Woodworking, Building a Business, and Spiritual Formation in Light of Genesis 1

In Genesis 1, God worked.  He made this world and made us – in His image.  And He said it was good, even very good.  For me, the best way I feel that I image God well is through turning wood.

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My most recent project involved creating a wooden stand for my straight razor and shaving brush. I began with just a large piece of wood and slowly cut and sanded and cut and sanded to develop a smooth curved shape. This project captivated all of my spare time and I found myself longing to continue late into the night, expectant of the finished product. On two separate occasions, I was convinced that I had reached my final product; however, following examination, gaps and holes in my design appeared and I proceeded to fix them. Concerns for stability were followed by the desire to stain the product. After what seemed like way to long, I finally achieved my desired end result of which I was very proud. Upon completing the project, I always found myself examining it from every angle trying to capture all of its elements and fully take in what I have made. Only then did I reach the conclusion that what I had made was “good”.

At its core, woodworking creates beauty out of unassuming pieces that are blank and might not bear any value alone. Just as we were created out of nothing, we have the ability through God’s image to create beauty out of His creation. Wood isn’t smooth or sleek in its raw form; it’s rough and harsh. When I consider the raw materials that became some of the pieces I have made, I feel such a strong sense of ownership and pride. With my time and effort, I have turned essentially a large stick into something functional and appealing to look at. Woodworking speaks to my desire to perfect and is apparent in the slow scraping and shaping required to create something beautiful.

Interestingly, that’s what I do all day as well – helping build a company called Breakout Chattanooga, part of Breakout Games.  Creating a company presents some distinct challenges that must be overcome when getting off the ground. The biggest thing that I have been able to see is the feeling that things are not quite finished. Every day, some new issue will arise and present itself to us, and we will have to stretch our creativity in order to solve the problem and move closer to success. This creative process is reflected in the Breakout Games themselves, as individuals cannot merely go through the motions in order to “Breakout.” Participants have to engage in problem solving that expands beyond the surface of simple logic and cause-and-effect and taps into creativity and other areas of the mind. Just as in woodworking, sometimes the simplest solution is not always the best solution and many times, flexibility and adaptability is required in order to succeed. In both wood working and starting a business, we create grand ideas and form realities using simple means, large amounts of creativity, and adaptable mindsets. We add to creation by introducing beauty through developing creation into something grander.  But the process of building the company?  Sometimes it’s just as slow as scraping the wood.  But it is good, and heading towards very good.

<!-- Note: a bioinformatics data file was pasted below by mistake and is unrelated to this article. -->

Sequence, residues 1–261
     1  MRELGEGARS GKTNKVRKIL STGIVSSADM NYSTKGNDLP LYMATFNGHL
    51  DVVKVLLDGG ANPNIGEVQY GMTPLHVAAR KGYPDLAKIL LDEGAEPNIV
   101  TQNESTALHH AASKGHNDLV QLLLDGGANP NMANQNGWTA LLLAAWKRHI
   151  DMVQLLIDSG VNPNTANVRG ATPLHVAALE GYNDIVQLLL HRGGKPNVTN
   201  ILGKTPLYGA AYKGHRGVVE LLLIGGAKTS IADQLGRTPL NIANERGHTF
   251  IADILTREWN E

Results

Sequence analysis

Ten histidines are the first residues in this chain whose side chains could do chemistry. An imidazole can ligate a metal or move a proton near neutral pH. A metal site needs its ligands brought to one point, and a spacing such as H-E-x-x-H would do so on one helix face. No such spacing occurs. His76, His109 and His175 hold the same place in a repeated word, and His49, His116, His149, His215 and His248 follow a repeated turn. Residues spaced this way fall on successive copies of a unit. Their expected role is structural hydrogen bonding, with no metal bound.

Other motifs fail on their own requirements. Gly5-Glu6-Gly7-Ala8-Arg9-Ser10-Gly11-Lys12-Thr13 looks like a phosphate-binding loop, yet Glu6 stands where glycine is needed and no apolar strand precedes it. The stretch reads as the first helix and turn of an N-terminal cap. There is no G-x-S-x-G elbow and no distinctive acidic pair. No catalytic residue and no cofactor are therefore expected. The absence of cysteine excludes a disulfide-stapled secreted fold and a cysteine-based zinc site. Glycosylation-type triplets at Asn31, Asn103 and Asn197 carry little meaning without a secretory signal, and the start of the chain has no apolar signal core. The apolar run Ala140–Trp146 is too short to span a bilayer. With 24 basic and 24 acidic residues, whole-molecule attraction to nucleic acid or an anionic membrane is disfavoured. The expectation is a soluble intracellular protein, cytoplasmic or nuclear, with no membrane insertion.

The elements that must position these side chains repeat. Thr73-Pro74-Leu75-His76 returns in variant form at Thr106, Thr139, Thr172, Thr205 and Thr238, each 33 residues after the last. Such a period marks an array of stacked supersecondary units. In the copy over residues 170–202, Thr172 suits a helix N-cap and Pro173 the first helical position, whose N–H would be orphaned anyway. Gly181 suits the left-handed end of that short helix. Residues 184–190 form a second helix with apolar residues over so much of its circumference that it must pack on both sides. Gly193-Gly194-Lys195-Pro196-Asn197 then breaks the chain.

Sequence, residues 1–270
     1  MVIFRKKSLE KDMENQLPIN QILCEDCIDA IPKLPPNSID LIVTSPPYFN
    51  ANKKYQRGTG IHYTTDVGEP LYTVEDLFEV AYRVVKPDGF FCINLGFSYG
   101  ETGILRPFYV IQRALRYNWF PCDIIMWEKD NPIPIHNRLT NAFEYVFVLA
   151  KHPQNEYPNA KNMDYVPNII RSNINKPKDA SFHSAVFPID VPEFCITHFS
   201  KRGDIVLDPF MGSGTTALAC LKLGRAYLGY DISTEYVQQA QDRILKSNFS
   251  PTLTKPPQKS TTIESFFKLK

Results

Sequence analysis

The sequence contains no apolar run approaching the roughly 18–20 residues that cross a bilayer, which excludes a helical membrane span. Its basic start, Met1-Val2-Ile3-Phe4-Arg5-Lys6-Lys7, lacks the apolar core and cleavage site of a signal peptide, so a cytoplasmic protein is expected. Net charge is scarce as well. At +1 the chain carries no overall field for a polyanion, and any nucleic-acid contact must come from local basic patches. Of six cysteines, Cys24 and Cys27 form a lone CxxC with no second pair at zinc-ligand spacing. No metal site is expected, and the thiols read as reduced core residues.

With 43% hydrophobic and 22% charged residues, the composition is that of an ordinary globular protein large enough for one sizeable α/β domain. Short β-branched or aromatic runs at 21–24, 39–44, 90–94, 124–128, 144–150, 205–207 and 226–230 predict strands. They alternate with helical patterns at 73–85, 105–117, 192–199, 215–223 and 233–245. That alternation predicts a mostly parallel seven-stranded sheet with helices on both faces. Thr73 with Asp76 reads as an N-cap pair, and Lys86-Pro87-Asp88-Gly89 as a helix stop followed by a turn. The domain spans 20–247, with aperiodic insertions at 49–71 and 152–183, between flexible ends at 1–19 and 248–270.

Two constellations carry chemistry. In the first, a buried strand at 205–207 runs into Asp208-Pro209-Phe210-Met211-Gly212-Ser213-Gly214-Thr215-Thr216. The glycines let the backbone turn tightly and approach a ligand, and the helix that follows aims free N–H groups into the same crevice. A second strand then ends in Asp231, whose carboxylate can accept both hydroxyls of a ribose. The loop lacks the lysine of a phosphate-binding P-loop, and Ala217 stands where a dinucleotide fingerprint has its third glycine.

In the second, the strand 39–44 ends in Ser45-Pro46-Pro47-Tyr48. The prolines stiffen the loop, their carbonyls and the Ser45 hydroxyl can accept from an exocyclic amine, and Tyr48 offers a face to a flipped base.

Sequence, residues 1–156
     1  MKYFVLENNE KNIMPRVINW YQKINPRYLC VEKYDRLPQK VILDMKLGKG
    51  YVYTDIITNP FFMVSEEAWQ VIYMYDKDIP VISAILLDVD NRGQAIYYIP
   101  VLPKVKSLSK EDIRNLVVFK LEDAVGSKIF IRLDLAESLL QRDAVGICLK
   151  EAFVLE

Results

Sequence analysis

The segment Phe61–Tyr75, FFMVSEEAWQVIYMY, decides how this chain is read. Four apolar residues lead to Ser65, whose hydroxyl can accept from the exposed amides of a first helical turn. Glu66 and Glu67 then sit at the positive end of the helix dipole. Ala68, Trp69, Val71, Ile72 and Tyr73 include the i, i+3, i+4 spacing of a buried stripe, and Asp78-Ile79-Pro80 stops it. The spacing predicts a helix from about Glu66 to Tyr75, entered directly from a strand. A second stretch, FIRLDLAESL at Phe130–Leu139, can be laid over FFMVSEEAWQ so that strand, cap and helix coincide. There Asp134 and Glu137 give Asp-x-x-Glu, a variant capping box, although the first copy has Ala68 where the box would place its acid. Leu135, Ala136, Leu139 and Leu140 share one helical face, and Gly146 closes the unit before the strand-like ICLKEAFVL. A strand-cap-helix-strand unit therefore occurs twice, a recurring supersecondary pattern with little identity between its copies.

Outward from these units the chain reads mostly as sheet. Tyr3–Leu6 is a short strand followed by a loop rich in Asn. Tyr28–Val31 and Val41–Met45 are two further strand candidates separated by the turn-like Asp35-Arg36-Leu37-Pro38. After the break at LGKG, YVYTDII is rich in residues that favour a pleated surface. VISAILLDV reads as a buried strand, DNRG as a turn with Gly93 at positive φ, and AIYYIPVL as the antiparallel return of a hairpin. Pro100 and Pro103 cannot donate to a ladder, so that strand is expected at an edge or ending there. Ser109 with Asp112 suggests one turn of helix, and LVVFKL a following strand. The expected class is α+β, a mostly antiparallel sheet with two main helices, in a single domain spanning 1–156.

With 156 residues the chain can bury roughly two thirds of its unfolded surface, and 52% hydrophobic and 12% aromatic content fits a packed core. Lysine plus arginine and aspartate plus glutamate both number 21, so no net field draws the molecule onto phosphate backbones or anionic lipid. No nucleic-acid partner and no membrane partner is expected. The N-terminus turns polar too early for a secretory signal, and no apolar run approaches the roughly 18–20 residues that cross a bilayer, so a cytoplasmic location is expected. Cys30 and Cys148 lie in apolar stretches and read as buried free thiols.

And then I realize that’s what God is doing in us.  He is persistent, slowly scraping.  He is innovative, flexible, creative, adaptive.  But He is also using the simplest of means: the church, our vocations, our families, our lives.  And He is rounding off corners, polishing, perfecting.  And building, making us into a new creation, something greater and deeper than the rough piece of wood with which He started.  Something beautiful.  Something He will look at in satisfaction, from every angle, and declare, “He is good.  She is good.  Very good.”  It’s my story of woodworking, my story of company building – and my story of being built by the Creator of the universe.

 

Collin Young is part of Breakout Chattanooga and also part of the 2015-2016 Chattanooga Fellows Program.

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  • Gracie Jackson

    This is great, Collin! I agree with you, and enjoyed your view and analogy of woodworking within the greater creation. I loved how you described the wood in its raw form as rough as harsh, yet it ended as something deemed as “good”. The Lord is constantly working, and your take on woodworking is a wonderful image of that work!